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  1. #1
    Junior Member

    Nikon 3400 - 70-200mm lense

    will this lense fit my Nikon 3400

    Sigma 70-200mm F/2.8 APO EX DG HSM OS Autofocus Lens For Nikon

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  2. #2
    Senior Member
    Bikerbrent's Avatar

    Re: Nikon 3400 - 70-200mm lense

    Welcome aboard. Enjoy the ride.
    We look forward to seeing more posts and samples of your work.

    Yes it will.
    Brent: Poway, CA
    D7200, D200, F100
    Tokina 12-24mm
    Nikon 18-200mm
    Tokina 28-70mm f2.6-2.8
    Nikon 80-200mm f2.8
    Sigma 150-600mm
    Nikon 50 AF f1.8
    Tokina 100mm f2.8 Macro
    Nikon SB800

  3. #3
    Junior Member

    Re: Nikon 3400 - 70-200mm lense

    Being somewhat new, I want to use this lense for landscape/wildlife and nightscape/stars. i was told to also look at the Sigma 18-35mm f1.8 dc hsm lense. what one would be best for what i want to do?

  4. #4
    Super Mod
    hark's Avatar

    Re: Nikon 3400 - 70-200mm lense

    I am pretty sure I had that lens several years ago (Sigma 70-20mm f/2.8). It has a focus motor in it so should AF on your D3400 without any issues. It might be okay for wildlife although it isn't a really long length that is typically used for wildlife.

    For stars, you are better off with something wider and fast. An aperture of f/2.8 or faster works best for stars (and the 70-200 lens would be fast enough although usually stars are shot with 10mm to 14mm on DX). The Sigma 18-35mm you mentioned might be good to start with though if you can get it for a decent price. The 18-35mm lens would also work for landscapes.

    In general, landscapes can be shot with 10mm and longer on DX. Sometimes I will use a 70-200mm for landscapes. Other times I'll use 24-120mm (keep in mind I use FX for landscapes). Stars 10mm to 12mm would be better for DX. Wildlife - the longer the better!
    and My 2020 Thread

    Where the Spirit does not work with the hand, there is no art
    -- Leonardo da Vinci

  5. #5
    Senior Member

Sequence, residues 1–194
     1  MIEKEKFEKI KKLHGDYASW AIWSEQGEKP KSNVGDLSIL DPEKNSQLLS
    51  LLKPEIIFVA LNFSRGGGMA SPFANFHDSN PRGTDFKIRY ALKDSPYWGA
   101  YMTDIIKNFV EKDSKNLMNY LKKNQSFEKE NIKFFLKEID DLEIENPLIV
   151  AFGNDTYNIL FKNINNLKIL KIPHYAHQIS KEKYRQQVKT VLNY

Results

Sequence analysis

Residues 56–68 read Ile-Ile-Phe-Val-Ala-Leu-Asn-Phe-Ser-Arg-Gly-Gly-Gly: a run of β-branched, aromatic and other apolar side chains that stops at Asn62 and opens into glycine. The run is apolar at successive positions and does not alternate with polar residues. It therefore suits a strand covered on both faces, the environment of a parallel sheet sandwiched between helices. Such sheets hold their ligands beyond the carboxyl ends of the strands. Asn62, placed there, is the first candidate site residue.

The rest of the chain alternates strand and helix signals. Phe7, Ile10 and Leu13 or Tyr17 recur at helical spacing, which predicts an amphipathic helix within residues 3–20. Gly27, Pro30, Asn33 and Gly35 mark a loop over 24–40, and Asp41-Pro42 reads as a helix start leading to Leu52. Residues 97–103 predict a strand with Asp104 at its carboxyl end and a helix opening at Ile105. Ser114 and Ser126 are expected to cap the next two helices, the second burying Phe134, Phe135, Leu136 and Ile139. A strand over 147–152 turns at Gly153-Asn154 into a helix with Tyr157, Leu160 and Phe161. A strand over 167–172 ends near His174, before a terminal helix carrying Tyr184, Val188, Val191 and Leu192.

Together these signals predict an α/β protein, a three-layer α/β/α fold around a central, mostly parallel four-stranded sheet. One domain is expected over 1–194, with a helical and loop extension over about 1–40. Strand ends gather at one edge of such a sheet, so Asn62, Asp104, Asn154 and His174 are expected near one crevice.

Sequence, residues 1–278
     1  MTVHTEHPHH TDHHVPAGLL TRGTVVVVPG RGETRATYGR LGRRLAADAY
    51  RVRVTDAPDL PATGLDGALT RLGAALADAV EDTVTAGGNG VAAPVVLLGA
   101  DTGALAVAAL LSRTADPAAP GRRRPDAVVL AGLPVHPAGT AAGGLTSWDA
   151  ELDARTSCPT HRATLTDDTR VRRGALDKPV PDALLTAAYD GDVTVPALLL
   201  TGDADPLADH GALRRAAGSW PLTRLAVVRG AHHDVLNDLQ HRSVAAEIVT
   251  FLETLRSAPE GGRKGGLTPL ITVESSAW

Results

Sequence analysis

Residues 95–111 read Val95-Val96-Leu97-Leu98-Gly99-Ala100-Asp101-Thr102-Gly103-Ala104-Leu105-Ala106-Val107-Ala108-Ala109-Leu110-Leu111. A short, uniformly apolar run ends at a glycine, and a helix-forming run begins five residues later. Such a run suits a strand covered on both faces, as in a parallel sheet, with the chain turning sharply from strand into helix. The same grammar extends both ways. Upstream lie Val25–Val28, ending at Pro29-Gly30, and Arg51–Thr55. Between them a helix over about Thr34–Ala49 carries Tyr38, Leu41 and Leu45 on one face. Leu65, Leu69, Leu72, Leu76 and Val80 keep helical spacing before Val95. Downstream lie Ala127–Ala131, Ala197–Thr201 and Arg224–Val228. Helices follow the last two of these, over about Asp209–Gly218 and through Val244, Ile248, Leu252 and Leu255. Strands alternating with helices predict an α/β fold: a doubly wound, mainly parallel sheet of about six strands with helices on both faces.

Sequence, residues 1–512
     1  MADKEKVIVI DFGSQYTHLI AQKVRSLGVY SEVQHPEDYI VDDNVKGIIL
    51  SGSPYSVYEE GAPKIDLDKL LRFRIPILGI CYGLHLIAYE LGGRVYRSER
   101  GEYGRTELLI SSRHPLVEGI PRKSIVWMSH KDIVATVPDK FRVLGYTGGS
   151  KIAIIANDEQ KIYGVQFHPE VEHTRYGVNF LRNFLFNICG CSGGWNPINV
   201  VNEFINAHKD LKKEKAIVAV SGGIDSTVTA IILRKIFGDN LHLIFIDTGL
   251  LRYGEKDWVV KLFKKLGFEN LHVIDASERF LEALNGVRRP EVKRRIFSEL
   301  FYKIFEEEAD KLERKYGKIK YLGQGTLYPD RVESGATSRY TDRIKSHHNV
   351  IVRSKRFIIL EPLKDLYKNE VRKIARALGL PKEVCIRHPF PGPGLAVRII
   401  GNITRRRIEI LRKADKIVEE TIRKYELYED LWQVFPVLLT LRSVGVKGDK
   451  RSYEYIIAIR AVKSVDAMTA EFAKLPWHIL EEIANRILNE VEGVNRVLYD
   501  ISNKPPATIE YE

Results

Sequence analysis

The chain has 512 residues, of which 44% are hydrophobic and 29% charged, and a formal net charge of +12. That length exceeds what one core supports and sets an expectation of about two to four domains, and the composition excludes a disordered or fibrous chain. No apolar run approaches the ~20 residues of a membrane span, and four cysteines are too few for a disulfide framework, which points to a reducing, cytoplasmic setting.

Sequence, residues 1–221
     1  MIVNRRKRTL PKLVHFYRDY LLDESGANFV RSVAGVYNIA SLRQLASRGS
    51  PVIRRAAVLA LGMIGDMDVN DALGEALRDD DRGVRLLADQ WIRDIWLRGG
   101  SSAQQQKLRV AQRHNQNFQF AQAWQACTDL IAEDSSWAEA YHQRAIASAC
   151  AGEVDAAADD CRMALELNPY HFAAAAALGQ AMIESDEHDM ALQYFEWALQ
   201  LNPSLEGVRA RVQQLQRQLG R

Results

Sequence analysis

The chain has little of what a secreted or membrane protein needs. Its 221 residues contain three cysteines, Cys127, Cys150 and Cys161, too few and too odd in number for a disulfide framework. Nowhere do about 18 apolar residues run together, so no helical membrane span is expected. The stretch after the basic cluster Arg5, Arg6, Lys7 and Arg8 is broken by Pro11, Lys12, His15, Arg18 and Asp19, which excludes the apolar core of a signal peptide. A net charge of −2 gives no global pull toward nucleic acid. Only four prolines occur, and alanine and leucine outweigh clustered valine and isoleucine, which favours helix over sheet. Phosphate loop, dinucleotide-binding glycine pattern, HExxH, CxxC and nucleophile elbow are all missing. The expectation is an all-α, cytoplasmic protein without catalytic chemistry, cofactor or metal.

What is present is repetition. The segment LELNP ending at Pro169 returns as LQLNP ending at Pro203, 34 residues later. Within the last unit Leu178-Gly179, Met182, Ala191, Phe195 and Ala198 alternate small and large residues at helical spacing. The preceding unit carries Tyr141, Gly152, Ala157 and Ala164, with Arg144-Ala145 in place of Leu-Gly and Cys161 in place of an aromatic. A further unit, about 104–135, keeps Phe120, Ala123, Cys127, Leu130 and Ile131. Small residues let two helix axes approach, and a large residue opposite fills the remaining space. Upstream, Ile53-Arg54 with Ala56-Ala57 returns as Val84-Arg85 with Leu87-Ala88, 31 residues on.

mikew's Avatar

    Re: Nikon 3400 - 70-200mm lense

    Welcome to the forum

    https://www.flickr.com/photos/[email protected]/

    Nikon Z50,Nikon16-50MM,Nikon50-250MM,FTZ Adapter
    Sigma 100-400, Sigma 105mm macro
    Nikon V2,10-30MM,30-110MM FT1 Adapter

  6. #6
    Senior Member

    Re: Nikon 3400 - 70-200mm lense

    Quote Originally Posted by cgock5 View Post
    Being somewhat new, I want to use this lense for landscape/wildlife and nightscape/stars. i was told to also look at the Sigma 18-35mm f1.8 dc hsm lense. what one would be best for what i want to do?

    You've got 3 very separate requirements here: Landscape, Wildlife, Nightscape/Stars. Landscape and Wildlife are only similar in that they tend to reside in the same places, but the right lens (and sometimes the right camera) differ greatly. Lets lay out what your typical lens might be for each, remembering that when shooting with the crop sensor on the D3400 the lens' focal length is effectively 50% greater (your 70-200mm looks like a 105-300mm on a 35mm or FX body). When I mention focal lengths below I will be speaking in the numbers printed on the lenses as if you're shooting in full frame but will make comments as needed.

    Landscape & Nightscape/Stars: In general you want a good zoom that will cover everything from ultra-wide to normal vision range, from 14mm or 16mm to 50mm. The 18-35mm Sigma is an effective 27-52mm zoom on your camera and in general will work really well for landscapes. Nightscapes tend to be shot rather wide and you want something that will let in a lot of light, so the 18-35mm with its f1.8 fixed aperture is actually a great lens for that type of work. So with that lens you've got 2 of 3 areas covered. As you shoot you'll learn whether or not you wand to go wider than the effective 27mm that the 18-35m will give you, so you might start looking at some of the ultrawide zooms out there. I have long used the 8-16mm Sigma for DX cameras, but I know others use the 10-20mm from Sigma as well.

    Wildlife: This is where reach/length is key. A 70-200mm is a great basic wildlife lens that work extremely well when your wildlife isn't bird sized. If you're looking to shoot deer-sized critters and larger this will work well. If this is your passion, as it is with me, you'll likely soon find yourself cropping in more than you'd like and winding up with really small bits of your subject, so eventually you'll be looking at something longer (100-400mm, 200-500mm, 60/150-600mm) but you'll surely know it when you get there.

    So, with all that said, those two zooms will hook you up for those styles as you start your journey. That said, if you don't think you'll be doing a lot of night photography then you might want to consider a zoom that covers all the space up to the 70mm on the low end of the telephoto. I have an 18-105mm Nikon kit lens that I use all the time on my D7000 (converted to IR) and it's the perfect walkaround lens and you can find them used relatively cheap. Sigma makes a 17-50mm f2.8 and a 17-70mm f2.8-4 Macro lens (both are DX specific) that might serve as a better alternative if you're only getting 2. If astrophotography is something you really want to explore then I suggest sticking with the 18-35mm and getting a 50mm prime as it both fills in the gap and will give you an opportunity to explore shooting with a single focal length, something I highly recommend doing regularly.
    (formerly backdoorhippie)

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